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Beaty, Bart. Unpopular Culture: Transforming the european comic book in the 1990s. Studies in Book and Print Culture. Toronto, Buffalo, London: Univ. of Toronto Press, 2007. 
Added by: joachim (7/20/09, 1:34 AM)   Last edited by: joachim (10/25/21, 2:08 PM)
Resource type: Book
Language: en: English
ID no. (ISBN etc.): 9780802091338
BibTeX citation key: Beaty2007
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Categories: General
Keywords: Art, Avantgarde, Bourdieu. Pierre, Chabosy. Laurent, Europe, France, Germany, Historical account, Popular culture, Trondheim. Lewis
Creators: Beaty
Publisher: Univ. of Toronto Press (Toronto, Buffalo, London)
Views: 59/1315
In the last fifteen years or so, a wide community of artists working in a variety of western European nations have overturned the dominant traditions of comic book publishing as it has existed since the end of the Second World War. These artists reject both the traditional form and content of comic books (hardcover, full-colour ‘albums’ of humour or adventure stories, generally geared towards children), seeking instead to instil the medium with experimental and avant-garde tendencies commonly associated with the visual arts. Unpopular Culture addresses the transformation of the status of the comic book in Europe since 1990. Increasingly, comic book artists seek to render a traditionally degraded aspect of popular culture un-popular, transforming it through the adoption of values borrowed from the field of ‘high art.’ The first English-language book to explore these issues, Unpopular Culture represents a challenge to received histories of art and popular culture that downplay significant historical anomalies in favour of more conventional narratives. In tracing the efforts of a large number of artists to disrupt the hegemony of high culture, Bart Beaty raises important questions about cultural value and its place as an important structuring element in contemporary social processes.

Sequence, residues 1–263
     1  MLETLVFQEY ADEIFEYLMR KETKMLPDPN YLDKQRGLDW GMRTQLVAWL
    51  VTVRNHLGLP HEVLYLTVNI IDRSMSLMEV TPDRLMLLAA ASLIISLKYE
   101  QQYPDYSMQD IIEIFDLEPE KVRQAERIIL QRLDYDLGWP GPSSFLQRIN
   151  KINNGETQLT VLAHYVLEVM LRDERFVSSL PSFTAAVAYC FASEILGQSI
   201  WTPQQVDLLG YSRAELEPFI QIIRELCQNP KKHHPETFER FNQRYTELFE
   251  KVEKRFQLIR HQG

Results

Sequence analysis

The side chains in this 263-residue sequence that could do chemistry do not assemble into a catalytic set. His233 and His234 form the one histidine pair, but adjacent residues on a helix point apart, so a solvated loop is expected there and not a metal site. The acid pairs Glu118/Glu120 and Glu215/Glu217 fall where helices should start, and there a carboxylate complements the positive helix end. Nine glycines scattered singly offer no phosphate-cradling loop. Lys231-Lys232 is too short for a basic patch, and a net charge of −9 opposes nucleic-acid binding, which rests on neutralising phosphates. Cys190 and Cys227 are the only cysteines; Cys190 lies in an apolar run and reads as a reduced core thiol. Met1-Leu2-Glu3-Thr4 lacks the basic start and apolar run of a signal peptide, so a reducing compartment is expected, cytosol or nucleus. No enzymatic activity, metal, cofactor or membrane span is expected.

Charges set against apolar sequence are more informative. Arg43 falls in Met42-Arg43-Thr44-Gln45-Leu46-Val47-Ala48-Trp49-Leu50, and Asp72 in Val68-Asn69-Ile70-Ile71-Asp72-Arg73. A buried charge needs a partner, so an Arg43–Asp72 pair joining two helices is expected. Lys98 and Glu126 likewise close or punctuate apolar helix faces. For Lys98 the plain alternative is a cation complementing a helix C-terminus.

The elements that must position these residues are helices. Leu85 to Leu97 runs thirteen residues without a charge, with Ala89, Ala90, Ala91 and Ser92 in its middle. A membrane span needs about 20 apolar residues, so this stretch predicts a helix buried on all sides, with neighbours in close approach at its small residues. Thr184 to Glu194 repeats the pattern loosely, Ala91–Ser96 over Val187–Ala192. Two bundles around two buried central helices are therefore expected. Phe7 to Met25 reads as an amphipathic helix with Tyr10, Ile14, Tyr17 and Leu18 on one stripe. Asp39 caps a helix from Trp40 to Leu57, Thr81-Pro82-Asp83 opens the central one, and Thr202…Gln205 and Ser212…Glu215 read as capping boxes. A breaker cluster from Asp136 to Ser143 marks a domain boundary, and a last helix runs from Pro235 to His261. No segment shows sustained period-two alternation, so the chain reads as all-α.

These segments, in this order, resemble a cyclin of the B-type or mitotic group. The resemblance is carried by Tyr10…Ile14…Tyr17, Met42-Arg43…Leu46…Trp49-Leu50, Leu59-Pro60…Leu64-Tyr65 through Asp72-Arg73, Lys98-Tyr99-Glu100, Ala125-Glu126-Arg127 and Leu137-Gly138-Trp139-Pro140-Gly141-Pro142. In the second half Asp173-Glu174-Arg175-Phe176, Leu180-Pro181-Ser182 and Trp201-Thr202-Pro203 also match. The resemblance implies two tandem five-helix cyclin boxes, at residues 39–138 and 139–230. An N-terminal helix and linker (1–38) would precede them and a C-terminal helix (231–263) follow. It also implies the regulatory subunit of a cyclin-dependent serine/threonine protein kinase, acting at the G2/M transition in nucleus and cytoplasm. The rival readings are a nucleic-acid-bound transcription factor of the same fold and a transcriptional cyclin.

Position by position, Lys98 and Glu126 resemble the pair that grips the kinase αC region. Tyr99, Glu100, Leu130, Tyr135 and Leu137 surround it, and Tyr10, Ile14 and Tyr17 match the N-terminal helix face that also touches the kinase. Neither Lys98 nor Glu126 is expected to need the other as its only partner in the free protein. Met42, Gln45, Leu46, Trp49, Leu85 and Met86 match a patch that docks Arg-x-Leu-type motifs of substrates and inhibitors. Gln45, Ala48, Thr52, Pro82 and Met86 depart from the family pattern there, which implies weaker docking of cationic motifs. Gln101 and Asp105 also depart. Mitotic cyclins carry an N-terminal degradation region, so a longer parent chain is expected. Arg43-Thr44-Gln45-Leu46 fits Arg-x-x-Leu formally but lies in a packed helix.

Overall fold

Table of Contents

Acknowledgements (vii)

Introduction (3)
1. L’Association and the ’90s Generation (17)
2. The Shifting Terrain of the Comic ‘Book’ (44)
3. The Postmodern Modernism of the Comic Book Avant-Garde (70)
4. From Global to Local and Back Again (111)
5. Autobiography as Authenticity (138)
6. From the Small Press to La Nouvelle Bande Dessinée (171)
7. The Strange Case of Lewis Trondheim (205)
Conclusion (241)

Notes (251)
Works Cited (273)
Illustration Credits (283)
Index (285)

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